Shoes hit cranks

Sorry to ask dumb question,!!!
The Uni’s and gear has came so far from many years back! ( Returning rider)

Is there a most popular shoe for Muni / XC .
Whats your choice for shoes or at least style.

I noticed on my cross training shoes, with the “fat wide padded heels” my heels strike the cranks way to often, sometime enough to almost take me off… Narrow heels have a fewer light bumps in to crank while riding.

Currently I’m still on my 47 year old Schwinn 24 s at 75 psi , (168ish straight cranks) with the plastic road pedals

Waiting for UDC to get my Nimbus 29er MTN

I love my Pearl Izumi shoes but on the UNI its hard to “feel” the pedals" so they are out.

My MTN bike I ride very natural (straight) not duck or pigeon footed , I ride Shamino Clipless very tight. over the past 6 months , i have done over 1900 miles on trails/tech riding. + no telling how many road miles. My pedaling style is set.

which Shoes or any other advice please

I’m pretty much a beginner myself but after this one year of trying different shoes on my muni I realized that I prefer to wear hiking boots because I often walk on steep uphill streches. However, my five ten freeride shoes (which I usually wear on my downhill bike) also work very well and are very firm on the pins, almost like clipless - without the possibility to pull on the pedal of course.

For Muni any variety of fiveten flat pedal shoes are popular. (Which model seems to depend on riding style and preference). People in more alpine terrain also often use hiking boots, especially when they do a good portion of hiking uphill.

I personally use some Scott FR 10s (because they were really cheap), pretty much a copy of 5.10 freeriders. So far I like them, and they seem to hold up very well.

I also tend to brush the crank occasionally, but never enough to throw me off. You can also try cranks with some extra Q-factor (KH-spirits) if narrower shoes can’t solve your issues.

+1 for 5.10 Freeriders. Earlier, I had a couple pair of 5.10’s stiffer models. They didn’t last. They started tearing apart, separating at the heel, and pieces of rubber tore off on the edges. Because they were so stiff and I am so heavy, the shoes couldn’t take it. When I switched to Freeriders, my feet got more tired after longer rides because the Freeriders were flexing more. I put an extra pair of insoles (from other shoes) into them, and that helped. I am on my second pair of Freeriders, now. The first pair wore down at the ball of my foot until the rubber was very thin. Other that that expected wear, nothing else failed on them. Amazing shoes!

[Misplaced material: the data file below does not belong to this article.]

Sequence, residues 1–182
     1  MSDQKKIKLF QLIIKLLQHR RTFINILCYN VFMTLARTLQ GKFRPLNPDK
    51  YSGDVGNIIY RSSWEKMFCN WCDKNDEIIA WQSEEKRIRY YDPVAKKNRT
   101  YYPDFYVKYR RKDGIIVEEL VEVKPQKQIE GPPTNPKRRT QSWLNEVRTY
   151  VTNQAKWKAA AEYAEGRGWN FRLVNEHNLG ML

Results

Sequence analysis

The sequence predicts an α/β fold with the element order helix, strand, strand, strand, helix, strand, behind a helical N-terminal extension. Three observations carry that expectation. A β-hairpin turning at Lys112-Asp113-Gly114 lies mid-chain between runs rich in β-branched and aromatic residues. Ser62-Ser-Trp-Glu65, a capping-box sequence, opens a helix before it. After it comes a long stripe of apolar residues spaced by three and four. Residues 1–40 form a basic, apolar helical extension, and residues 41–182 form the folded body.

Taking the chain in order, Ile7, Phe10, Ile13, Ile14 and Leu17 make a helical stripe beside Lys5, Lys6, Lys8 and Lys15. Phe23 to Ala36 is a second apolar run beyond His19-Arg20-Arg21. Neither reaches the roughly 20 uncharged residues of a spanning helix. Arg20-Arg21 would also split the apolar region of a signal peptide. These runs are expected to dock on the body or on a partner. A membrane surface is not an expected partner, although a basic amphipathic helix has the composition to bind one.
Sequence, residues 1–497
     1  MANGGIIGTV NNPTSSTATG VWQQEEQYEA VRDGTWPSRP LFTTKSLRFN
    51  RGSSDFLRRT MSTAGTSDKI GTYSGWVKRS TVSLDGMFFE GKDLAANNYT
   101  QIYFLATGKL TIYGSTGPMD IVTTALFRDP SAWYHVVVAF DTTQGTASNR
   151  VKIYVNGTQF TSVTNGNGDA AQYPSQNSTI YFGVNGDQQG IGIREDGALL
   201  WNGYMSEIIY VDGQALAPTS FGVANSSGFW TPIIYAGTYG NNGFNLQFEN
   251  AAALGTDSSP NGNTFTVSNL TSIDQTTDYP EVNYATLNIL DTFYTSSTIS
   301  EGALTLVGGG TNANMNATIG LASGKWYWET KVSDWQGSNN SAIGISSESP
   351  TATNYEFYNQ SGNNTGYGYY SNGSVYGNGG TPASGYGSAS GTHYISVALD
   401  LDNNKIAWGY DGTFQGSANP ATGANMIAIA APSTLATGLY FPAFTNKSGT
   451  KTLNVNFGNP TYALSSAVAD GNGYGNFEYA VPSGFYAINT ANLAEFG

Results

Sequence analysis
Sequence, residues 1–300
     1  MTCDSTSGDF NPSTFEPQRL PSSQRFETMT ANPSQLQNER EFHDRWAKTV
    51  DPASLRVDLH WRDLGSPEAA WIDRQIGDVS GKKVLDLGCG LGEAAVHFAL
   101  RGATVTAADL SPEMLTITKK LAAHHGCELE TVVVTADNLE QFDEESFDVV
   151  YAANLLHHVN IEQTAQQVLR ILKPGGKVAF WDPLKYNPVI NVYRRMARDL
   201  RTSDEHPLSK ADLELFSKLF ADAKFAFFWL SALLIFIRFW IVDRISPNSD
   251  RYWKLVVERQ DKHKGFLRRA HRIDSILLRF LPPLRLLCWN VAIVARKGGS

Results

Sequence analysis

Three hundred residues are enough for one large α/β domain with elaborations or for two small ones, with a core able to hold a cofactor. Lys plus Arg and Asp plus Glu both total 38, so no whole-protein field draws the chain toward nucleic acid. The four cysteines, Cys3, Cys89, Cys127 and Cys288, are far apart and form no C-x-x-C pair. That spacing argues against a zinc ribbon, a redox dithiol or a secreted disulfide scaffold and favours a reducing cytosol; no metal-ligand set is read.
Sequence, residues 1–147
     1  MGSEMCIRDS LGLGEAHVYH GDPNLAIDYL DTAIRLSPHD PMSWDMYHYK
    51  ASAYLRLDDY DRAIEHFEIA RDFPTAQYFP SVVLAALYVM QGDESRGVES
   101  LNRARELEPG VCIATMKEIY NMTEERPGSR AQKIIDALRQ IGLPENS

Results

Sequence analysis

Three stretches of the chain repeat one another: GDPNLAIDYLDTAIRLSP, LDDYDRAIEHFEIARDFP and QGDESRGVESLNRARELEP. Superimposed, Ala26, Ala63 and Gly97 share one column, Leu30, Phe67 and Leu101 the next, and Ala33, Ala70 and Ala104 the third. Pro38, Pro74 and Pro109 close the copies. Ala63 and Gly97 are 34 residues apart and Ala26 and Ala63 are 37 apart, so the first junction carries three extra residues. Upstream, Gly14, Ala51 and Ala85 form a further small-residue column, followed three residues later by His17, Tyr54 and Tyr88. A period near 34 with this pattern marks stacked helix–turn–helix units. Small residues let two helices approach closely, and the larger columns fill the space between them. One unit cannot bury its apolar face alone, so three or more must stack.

Instead of buying shoes that you think you may need I would suggest to use the footwear you have and just keep riding. You will adapt.

New gear does not fix technique.

At the moment I’m riding in Sorels because they grip well on ice. Sure as hell not “unicycle shoes”!

I use hiking boots for all my outside activities and once they are a little tired they get delegated (trickle down effect) to my unicycle riding boots.

Point is that you can ride in anything.

So to say that you can’t ride well because of… (insert inadequate gear here), seems like just another excuse to buy something to fix your technique.

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This is true, but if your have heels that flare outward, that can be dangerous if they catch your crank as your foot comes down. Try to keep this in mind while riding, but it’s okay to search for.more purpose-built shoes.

I also like 5-10s, but it’s hard to figure out which ones to get! I found this great article that breaks it down:
I have a pair of Freeriders (ELC, with the cool colors) that’s a few years old, and use them for Muni. I bought them for Road riding, but my feet tended to get numb and the soles aren’t very stiff. However they do give you a good “feel for the pedals”. Good to start with.

For Muni, I currently have the Sam Hill 3. You want grip? Get one of the shoes in that line. But you have to really really want grip! It’s taken me a while to re-learn how to shift on my geared 36" because these shoes really do stay put on the pedals. I have to reposition my foot a little to the outside, then turn the heel in to get it ready for the shift. But the soles are quite stiff, the shoes are very burly and should last a long time. I hope. My earlier models did eventually come apart as elpuebloUNIdo described above. I Shoe-Gooed them together for a time, but eventually I had to replace them. Still love the Stealth rubber soles, so I don’t shop elsewhere for Muni or Road shoes.